First off, we added line 1, which fetches the environment variable. We’ve also changed line 4 to use the value from that environment variable.

This means we’ll need to get the value /Users/omer_van_kloeten/my_project/src into the variable.

It’s not that trivial to get that environment variable into the code, because Nginx strips away almost all environment variables. We’ll have to whitelist it in nginx.conf:

Now we’ll want to send it into the container at runtime. Inside docker-compose.yaml, let’s make sure our local environment variable is pushed to the container as a local environment variable:

We’ve added the environment variable in line 4, but didn’t give it a value. That means it will pick up the value from the host environment when it’s started.

Before we docker compose up our app, we’ll need to first export the environment variable:

Stepping through the code will now work on all of our colleagues’ computers!

Summing it all up

A word of warning

This guide covers only the first steps towards making robust debuggable code. You do not want to ship your code with debugger binaries listening on a port for connections.

This guide is far from comprehensive and doesn’t allude to being one-size-fits-all. I’d love to hear how you fixed issues with it in the comments. Come share your personal progress!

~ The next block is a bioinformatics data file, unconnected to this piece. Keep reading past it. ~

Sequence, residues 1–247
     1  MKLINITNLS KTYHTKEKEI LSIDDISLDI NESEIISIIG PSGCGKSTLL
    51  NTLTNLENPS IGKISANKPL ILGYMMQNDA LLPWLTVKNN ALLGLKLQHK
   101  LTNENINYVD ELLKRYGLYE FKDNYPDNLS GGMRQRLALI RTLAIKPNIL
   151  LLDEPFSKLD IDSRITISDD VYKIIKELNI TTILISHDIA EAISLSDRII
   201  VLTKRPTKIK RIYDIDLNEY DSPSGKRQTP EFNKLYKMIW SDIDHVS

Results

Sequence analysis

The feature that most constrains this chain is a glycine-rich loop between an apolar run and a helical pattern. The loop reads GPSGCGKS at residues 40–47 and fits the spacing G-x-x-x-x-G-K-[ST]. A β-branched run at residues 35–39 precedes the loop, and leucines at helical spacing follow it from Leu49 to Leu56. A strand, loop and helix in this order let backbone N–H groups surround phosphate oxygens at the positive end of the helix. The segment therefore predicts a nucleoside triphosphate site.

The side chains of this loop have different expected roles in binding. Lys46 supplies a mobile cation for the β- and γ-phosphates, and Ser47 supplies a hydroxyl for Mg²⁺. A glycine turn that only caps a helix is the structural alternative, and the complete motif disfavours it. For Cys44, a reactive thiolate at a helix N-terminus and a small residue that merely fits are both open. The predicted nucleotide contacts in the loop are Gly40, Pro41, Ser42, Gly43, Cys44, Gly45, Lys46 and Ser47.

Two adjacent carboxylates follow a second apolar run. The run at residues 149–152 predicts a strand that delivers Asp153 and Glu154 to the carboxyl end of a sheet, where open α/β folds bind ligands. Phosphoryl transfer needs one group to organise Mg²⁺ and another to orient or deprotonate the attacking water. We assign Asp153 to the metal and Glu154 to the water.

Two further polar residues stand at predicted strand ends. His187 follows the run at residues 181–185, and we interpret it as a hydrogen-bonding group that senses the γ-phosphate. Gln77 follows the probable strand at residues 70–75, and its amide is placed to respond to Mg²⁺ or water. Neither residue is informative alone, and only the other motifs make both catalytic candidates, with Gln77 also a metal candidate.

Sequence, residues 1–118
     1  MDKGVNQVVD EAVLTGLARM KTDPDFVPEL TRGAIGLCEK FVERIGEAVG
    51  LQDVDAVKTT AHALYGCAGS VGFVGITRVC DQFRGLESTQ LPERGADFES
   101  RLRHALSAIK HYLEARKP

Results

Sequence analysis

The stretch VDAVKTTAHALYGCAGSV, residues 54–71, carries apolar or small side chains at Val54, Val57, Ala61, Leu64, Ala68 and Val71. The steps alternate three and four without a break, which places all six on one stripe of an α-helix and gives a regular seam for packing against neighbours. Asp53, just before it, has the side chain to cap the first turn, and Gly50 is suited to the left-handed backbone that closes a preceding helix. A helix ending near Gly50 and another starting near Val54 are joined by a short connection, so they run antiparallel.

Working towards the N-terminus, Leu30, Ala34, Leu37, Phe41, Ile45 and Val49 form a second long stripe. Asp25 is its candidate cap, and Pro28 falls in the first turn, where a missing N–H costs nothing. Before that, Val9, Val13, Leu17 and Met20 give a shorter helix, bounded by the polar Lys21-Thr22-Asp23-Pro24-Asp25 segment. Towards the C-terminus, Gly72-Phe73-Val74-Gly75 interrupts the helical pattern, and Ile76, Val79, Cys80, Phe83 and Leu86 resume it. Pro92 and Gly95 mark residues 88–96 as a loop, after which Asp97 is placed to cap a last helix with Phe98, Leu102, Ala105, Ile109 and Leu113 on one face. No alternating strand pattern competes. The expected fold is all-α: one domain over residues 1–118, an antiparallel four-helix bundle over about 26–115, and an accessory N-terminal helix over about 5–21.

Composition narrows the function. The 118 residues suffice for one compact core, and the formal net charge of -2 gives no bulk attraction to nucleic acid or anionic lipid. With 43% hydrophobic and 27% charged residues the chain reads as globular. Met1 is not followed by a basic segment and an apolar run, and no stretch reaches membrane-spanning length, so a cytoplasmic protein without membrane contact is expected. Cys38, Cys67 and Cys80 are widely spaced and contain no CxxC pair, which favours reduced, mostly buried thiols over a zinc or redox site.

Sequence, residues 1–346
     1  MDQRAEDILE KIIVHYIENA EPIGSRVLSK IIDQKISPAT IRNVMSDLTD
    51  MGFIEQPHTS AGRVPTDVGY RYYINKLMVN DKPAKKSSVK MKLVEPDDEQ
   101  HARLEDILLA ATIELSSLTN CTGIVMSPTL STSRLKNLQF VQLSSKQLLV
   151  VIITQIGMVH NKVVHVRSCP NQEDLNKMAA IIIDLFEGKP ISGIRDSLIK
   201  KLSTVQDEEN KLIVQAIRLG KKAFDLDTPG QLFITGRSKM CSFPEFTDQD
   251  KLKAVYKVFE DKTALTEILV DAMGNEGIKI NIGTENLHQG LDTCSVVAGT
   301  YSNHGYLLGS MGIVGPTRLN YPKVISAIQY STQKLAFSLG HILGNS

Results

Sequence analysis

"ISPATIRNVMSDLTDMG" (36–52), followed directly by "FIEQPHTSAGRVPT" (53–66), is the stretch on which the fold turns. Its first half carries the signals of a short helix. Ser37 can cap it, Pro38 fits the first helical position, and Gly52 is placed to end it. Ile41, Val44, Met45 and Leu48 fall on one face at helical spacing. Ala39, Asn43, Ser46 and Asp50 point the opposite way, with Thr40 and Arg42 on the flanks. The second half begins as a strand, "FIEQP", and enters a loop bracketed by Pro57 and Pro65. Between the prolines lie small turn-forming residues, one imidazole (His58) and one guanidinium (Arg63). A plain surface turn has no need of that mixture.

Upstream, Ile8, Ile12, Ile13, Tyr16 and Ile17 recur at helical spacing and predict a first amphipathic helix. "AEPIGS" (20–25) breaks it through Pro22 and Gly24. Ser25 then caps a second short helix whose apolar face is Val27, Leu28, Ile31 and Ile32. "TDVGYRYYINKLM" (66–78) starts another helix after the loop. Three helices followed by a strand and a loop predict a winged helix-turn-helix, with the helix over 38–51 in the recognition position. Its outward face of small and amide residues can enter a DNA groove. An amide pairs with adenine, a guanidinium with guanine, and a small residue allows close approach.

What changed?

Here’s all of the changes we made to our code in easily copy-paste-able gist form:

Next steps

This way of debugging means that the code waits for the debugger to connect to it, when it uses tcpListen. However, this is not that great because it waits for user interaction (starting the Debug Configuration). If we used tcpConnect, we would be able to start the debugger and have the process connect directly to it when it needs to, without user interaction. Unfortunately, I was unable to make that work within a reasonable timeframe when listening on 0.0.0.0 and attempting to connect to host.docker.internal from inside the Docker container. Perhaps you will.

Bonus: Hot reloading the Lua code

A lot of the above included frequently changing Lua code and rebuilding the container, causing the feedback loop to be frustratingly long. If we can edit the files inside the container, that would make things much easier, right?

To do that, let’s attach our sources as a volume to the container in docker-compose.yaml:

In line 3 we’re effectively replacing the files that exist inside the container with a live link to our local ones.

However, Openresty has a Lua code cache which will cache the code once it’s been run. Thankfully, we can turn that off in our nginx.conf:

Unfortunately, this neat trick breaks the reproducibility of Docker images, so these patches to docker-compose.yaml and nginx.conf should never reach your CI server.

Note that you may also break your code if you turn off the Lua cache, due to its side effects.

Parting words

Please remember that this guide only outlines bootstrapping the ability to step inside the code, and therefore should probably not be used as-is. It was a fun challenge to take up and I sincerely hope that this guide is some day useful to someone other than myself.

Omer van Kloeten is a Principal Software Engineer at Forter.